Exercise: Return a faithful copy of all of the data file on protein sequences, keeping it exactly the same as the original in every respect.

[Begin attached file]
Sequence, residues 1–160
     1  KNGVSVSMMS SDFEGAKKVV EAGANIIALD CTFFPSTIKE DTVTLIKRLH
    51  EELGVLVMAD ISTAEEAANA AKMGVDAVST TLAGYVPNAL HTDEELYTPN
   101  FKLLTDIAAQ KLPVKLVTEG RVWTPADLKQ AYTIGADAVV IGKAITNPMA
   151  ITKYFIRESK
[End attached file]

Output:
Sequence, residues 1–160
     1  KNGVSVSMMS SDFEGAKKVV EAGANIIALD CTFFPSTIKE DTVTLIKRLH
    51  EELGVLVMAD ISTAEEAANA AKMGVDAVST TLAGYVPNAL HTDEELYTPN
   101  FKLLTDIAAQ KLPVKLVTEG RVWTPADLKQ AYTIGADAVV IGKAITNPMA
   151  ITKYFIRESK